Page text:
Intravenous thrombolytic use 15.5 12.1 0.34 6.0 4.9 0.71
 Mechanical thrombectomy 8.3 5.2 0.3 3.7 1.1 0.06
 Endovascular procedure other than mechanical thrombectomy 5.1 2.6 0.08 3.2 2.4 0.41
Values are presented as mean±standard deviation or number (%). Unpaired t-test was used for continuous variables, and chi-square test or Fisher’s exact test was used for categorical variables.
Table 2.
Top causes of 30RR in carotid and vertebral artery dissection
No. Carotid dissection
Vertebral dissection
Causes Cause specific 30RR Total readmissions (%) Causes Cause specific 30RR Total readmissions (%)
1 Ischemic stroke 1.6 10.4 Ischemic stroke 4.1 30.8
2 Intracranial hemorrhage 1.3 8.2 Aortic; peripheral; and visceral artery aneurysms 0.9 6.6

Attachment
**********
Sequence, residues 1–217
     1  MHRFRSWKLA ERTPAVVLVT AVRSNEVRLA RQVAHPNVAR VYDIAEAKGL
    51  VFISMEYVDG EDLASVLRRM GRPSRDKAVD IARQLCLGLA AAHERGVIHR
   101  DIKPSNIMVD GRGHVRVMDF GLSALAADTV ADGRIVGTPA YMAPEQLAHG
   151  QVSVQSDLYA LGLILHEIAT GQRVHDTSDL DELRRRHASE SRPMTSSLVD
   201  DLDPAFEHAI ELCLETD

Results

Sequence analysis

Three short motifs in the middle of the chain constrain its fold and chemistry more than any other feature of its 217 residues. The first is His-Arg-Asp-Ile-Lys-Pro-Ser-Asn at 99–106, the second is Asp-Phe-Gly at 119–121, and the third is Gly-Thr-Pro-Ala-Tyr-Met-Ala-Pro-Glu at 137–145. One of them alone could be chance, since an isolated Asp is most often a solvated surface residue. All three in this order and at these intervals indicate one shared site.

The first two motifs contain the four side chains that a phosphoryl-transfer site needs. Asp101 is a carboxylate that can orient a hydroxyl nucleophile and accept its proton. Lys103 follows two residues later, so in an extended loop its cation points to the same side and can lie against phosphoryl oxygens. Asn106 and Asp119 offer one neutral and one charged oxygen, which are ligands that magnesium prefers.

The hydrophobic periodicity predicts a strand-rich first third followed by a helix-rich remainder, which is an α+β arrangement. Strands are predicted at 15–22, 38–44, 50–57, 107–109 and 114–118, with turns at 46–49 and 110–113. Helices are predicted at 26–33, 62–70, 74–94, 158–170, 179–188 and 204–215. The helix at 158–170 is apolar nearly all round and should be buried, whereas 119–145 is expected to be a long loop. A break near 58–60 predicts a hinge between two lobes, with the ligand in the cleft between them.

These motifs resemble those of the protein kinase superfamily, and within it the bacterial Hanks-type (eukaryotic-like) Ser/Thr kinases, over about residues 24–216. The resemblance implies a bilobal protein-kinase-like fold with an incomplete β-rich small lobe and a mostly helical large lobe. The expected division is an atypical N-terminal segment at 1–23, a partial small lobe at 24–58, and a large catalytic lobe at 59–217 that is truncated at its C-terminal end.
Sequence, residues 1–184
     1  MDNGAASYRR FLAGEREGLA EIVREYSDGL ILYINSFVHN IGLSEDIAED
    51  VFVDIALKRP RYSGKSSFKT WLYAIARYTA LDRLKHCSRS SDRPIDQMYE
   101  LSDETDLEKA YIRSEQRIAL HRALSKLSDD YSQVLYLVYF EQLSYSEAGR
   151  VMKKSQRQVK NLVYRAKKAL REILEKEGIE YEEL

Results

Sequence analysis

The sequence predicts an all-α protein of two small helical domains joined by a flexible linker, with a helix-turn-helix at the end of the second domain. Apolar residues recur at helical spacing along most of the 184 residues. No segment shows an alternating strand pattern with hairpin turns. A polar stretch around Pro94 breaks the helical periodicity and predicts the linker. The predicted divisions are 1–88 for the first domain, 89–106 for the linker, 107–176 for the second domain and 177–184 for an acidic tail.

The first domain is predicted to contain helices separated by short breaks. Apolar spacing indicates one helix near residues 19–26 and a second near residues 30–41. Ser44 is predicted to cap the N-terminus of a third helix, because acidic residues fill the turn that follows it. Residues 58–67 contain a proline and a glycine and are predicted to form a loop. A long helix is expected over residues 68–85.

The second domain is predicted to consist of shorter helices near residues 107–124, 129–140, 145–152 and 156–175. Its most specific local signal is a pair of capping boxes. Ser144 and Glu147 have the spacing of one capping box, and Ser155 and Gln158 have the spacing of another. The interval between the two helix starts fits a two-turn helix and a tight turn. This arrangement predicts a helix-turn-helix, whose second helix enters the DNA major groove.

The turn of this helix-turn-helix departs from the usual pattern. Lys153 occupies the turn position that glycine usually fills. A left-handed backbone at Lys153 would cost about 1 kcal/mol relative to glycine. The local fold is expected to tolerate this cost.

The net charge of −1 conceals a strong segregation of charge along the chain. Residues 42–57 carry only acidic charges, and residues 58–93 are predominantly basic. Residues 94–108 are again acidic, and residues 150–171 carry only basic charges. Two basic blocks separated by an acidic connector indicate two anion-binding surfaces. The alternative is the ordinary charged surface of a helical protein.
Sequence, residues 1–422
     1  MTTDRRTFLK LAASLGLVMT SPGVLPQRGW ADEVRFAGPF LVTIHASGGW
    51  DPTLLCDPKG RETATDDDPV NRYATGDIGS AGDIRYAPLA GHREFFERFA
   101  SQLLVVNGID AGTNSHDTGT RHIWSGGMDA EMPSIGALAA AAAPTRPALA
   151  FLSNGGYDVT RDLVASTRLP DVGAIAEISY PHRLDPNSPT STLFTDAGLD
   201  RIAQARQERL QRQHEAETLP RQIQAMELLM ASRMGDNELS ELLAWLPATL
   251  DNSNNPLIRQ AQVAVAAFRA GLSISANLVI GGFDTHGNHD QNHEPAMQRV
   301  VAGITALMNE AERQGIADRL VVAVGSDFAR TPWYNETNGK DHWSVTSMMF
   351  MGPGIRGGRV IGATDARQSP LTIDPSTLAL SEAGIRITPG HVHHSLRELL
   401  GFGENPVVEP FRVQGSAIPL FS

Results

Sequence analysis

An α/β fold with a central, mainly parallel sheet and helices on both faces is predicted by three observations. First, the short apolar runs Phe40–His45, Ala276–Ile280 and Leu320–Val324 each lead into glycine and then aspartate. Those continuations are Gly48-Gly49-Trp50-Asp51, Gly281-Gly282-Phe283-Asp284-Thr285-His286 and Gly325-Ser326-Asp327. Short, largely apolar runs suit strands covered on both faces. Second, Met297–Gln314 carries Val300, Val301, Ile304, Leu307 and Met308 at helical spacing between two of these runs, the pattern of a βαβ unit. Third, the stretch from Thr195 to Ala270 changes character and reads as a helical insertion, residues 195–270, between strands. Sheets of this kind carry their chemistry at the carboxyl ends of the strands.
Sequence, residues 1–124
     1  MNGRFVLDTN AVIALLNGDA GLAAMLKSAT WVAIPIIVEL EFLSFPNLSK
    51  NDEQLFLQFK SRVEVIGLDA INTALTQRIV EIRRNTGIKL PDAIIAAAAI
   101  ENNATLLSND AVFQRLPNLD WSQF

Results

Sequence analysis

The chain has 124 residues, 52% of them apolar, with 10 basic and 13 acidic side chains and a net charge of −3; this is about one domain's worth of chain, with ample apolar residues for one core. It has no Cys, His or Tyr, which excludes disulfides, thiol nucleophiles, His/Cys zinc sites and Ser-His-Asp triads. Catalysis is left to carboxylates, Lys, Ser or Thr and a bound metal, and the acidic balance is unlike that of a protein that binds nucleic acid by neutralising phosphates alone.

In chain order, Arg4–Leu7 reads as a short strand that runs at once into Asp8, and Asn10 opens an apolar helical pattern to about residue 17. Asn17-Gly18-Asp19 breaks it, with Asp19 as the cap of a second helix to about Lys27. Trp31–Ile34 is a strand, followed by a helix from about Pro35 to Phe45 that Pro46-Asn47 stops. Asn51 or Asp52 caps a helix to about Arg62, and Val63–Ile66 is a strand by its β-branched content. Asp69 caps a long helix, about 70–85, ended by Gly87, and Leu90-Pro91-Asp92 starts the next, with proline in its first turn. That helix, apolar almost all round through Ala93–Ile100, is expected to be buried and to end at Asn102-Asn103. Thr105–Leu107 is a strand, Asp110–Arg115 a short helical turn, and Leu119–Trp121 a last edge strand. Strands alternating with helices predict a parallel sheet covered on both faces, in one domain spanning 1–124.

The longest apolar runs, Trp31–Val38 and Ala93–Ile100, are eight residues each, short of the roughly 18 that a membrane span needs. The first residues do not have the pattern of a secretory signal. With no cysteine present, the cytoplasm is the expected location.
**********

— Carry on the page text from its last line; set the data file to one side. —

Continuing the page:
3 Aortic; peripheral; and visceral artery aneurysms 1.2 7.5 Late effects of cerebrovascular disease 0.8 5.9
4 Retinal disorders 0.9 5.5 Connective tissue disease 0.4 3.2
5 Transient cerebral ischemia 0.7 4.6 Occlusion or stenosis of precerebral arteries 0.4 2.8
6 Intestinal infection 0.6 4.0 Headache 0.4 2.8
7 Venous embolism and thrombosis 0.6 4.0 Gram negative septicemia 0.4 2.8
8 Nonspecific chest pain 0.6 3.6 Unspecified septicemia 0.4 2.8
9 Unspecified septicemia 0.5 3.2 Nervous system symptoms and disorders other than stroke 0.3 2.4
10 Nervous system symptoms and disorders other than stroke 0.4 2.4 Nonmalignant breast conditions 0.3 2.2
30RR, 30-day unplanned readmission.

References

1. CADISS trial investigators, Markus HS, Hayter E, Levi C, Feldman A, Venables G, et al. Antiplatelet treatment compared with anticoagulation treatment for cervical artery dissection (CADISS): a randomised trial. Lancet Neurol 2015;14:361-367.